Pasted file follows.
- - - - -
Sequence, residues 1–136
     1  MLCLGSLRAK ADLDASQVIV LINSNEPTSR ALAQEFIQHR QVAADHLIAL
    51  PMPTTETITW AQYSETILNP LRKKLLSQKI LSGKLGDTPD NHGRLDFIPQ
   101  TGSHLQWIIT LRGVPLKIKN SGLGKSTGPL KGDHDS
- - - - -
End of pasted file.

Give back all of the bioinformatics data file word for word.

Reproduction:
Sequence, residues 1–136
     1  MLCLGSLRAK ADLDASQVIV LINSNEPTSR ALAQEFIQHR QVAADHLIAL
    51  PMPTTETITW AQYSETILNP LRKKLLSQKI LSGKLGDTPD NHGRLDFIPQ
   101  TGSHLQWIIT LRGVPLKIKN SGLGKSTGPL KGDHDS